Last week’s front-page story “Shuffling the deck” pointed out the significant gains midsize banks have
made in the Indianapolis market over the last year. The one glaring exception was Columbus, Ohio-based Huntington National
Bank, which had lost $56.3 million in local deposits as of June 30, according to the FDIC. A closer look explains
Banks are fighting an ongoing battle with would-be identity thieves. Because banks are where the money is, the fight is
likely to go on a long time, with both thieves and banks growing in sophistication.
The insider-trading settlements announced by the Securities and Exchange Commission this week were an outgrowth of a broader
inquiry into trading in First Indiana Corp. by dozens of people before its sale two years ago, according to a former director
of the bank.
The Securities and Exchange Commission said today that it has settled insider-trading charges against three local residents
who bought shares in First Indiana Corp. immediately before the July 9, 2007, announcement that it was being acquired by a
Milwaukee bank for a 42-percent premium.
Bank transaction counts—the number of people going into banks to make a deposit, cash a check or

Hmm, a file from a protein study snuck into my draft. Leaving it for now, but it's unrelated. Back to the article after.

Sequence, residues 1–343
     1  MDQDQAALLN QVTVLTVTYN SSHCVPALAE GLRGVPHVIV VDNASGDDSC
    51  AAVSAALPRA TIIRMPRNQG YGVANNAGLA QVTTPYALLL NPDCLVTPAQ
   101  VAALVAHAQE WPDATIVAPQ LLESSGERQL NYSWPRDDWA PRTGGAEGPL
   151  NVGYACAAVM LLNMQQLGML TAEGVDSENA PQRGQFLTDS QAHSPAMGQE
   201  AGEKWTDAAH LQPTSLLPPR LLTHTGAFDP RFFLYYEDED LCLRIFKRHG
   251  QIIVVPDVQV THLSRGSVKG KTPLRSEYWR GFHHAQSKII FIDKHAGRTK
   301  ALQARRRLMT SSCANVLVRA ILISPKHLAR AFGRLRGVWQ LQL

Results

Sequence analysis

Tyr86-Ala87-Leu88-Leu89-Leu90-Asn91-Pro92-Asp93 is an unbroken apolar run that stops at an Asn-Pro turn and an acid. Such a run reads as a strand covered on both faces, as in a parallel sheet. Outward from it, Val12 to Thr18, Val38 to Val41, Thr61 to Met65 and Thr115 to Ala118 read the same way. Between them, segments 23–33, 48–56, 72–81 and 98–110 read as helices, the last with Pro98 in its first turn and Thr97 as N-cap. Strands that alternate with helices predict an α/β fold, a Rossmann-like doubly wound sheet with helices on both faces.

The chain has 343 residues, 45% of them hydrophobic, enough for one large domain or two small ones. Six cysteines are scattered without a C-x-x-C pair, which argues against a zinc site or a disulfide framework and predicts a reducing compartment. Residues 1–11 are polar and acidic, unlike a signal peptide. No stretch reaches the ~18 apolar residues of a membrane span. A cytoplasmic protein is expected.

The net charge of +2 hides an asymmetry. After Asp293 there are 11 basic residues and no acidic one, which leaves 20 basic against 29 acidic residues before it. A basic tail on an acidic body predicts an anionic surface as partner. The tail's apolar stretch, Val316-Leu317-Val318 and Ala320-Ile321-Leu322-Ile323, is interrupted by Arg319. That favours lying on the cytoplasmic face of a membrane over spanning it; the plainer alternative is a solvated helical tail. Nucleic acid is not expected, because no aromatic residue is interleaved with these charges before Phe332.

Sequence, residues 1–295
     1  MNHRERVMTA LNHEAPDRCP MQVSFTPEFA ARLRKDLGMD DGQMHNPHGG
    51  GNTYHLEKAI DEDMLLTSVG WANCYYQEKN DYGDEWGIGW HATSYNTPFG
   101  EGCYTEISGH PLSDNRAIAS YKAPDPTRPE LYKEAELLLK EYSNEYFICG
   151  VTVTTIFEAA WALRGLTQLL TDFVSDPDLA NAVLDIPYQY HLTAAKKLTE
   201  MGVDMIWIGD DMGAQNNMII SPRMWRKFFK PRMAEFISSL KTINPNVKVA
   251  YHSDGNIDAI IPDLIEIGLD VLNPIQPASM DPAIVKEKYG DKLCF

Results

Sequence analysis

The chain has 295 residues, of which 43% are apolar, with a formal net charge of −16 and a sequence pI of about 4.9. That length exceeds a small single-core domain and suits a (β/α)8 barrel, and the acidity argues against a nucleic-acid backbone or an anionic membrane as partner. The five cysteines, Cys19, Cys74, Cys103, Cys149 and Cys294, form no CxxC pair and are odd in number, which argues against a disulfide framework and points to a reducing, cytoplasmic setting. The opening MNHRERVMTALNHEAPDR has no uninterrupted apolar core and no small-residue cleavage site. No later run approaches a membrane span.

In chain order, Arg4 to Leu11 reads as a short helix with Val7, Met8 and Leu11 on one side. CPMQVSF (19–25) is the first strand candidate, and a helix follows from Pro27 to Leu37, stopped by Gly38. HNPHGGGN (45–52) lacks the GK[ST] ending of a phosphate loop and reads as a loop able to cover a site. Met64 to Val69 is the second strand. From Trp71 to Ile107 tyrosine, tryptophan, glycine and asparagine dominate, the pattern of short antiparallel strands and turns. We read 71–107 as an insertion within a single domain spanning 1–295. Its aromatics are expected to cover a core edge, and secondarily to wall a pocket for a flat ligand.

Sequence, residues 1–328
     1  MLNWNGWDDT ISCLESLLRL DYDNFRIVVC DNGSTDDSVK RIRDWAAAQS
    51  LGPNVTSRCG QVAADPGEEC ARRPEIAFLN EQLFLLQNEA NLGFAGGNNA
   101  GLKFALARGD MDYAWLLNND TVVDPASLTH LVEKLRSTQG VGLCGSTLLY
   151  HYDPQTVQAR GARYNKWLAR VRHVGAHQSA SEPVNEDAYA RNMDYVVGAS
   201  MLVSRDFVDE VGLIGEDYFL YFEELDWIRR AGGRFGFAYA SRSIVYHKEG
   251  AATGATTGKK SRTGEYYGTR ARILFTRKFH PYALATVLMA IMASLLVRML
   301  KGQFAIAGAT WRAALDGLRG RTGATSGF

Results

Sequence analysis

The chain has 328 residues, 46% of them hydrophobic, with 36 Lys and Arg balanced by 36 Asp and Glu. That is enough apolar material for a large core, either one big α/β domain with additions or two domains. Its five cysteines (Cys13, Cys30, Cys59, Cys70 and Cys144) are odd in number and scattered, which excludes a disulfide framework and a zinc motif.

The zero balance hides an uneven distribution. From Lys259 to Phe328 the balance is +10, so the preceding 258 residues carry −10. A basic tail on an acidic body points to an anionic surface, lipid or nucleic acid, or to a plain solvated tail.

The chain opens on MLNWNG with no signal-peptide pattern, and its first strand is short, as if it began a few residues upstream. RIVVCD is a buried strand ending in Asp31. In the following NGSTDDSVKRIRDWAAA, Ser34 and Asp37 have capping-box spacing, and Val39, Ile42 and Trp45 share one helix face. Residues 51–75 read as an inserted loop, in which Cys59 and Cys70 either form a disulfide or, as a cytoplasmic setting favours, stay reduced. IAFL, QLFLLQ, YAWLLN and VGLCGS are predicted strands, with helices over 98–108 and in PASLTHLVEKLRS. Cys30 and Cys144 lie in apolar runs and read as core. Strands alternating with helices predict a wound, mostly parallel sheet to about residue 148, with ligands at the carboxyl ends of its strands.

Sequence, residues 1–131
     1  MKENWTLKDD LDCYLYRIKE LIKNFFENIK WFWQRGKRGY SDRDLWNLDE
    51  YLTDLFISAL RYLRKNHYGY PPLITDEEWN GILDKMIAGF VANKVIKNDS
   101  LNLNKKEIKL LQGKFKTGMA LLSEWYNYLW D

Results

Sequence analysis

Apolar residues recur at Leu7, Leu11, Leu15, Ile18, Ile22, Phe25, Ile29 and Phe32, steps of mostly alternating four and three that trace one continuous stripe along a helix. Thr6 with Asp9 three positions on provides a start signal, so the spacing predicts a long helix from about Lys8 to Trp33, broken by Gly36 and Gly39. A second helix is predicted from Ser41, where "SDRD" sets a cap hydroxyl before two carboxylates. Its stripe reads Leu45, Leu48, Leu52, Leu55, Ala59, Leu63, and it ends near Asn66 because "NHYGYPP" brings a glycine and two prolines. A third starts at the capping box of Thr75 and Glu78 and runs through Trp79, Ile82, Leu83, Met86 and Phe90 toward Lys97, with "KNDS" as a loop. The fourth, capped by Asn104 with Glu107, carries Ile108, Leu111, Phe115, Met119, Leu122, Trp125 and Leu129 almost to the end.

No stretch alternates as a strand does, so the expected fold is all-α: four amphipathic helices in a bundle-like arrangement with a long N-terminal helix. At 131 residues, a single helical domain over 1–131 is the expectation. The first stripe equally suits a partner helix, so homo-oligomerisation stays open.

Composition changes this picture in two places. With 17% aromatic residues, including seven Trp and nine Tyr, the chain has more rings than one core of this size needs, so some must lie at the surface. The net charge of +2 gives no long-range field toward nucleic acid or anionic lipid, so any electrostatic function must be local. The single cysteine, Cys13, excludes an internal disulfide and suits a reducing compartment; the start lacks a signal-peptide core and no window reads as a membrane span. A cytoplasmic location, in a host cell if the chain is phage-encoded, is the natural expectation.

conduct some other form of business—have declined in recent years with the increased popularity
of direct deposit, online banking and easy ATM accessibility. So why add branches?
A Maryland company has taken ownership of downtown's 28-story M&I Plaza just three months before a major tenant departure
leaves the skyscraper 70-percent vacant. The new owner is CapitalSource Inc., a commercial finance and investment firm based
in Chevy Chase, Md. It had been a lender to the former owner, which defaulted.
Indiana's largest locally based bank, First Indiana Corp., decided to end 92 years of independence in 2007, agreeing in July
to sell itself to Milwaukee-based Marshall & Ilsley Corp. for $529 million in cash, or $32 a share.
First Indiana Corp.'s announcement that it would be sold to Milwaukee-based Marshall & Ilsley Corp. for $529 million in cash
came just 17 days after sale discussions began. Banking observers have speculated for weeks that First Indiana acted fast
to cut a deal before it would have to report second-quarter results.
If First Indiana Corp. was looking to pull off a sale quickly, Milwaukee-based Marshall & Ilsley Corp. was a natural place
to turn. First Indiana CEO Robert B. Warrington had been doing deals with the bank since he took the helm from Marni McKinney
in 2006. Warrington also is a friend and golfing buddy of M&I CEO Mark Furlong.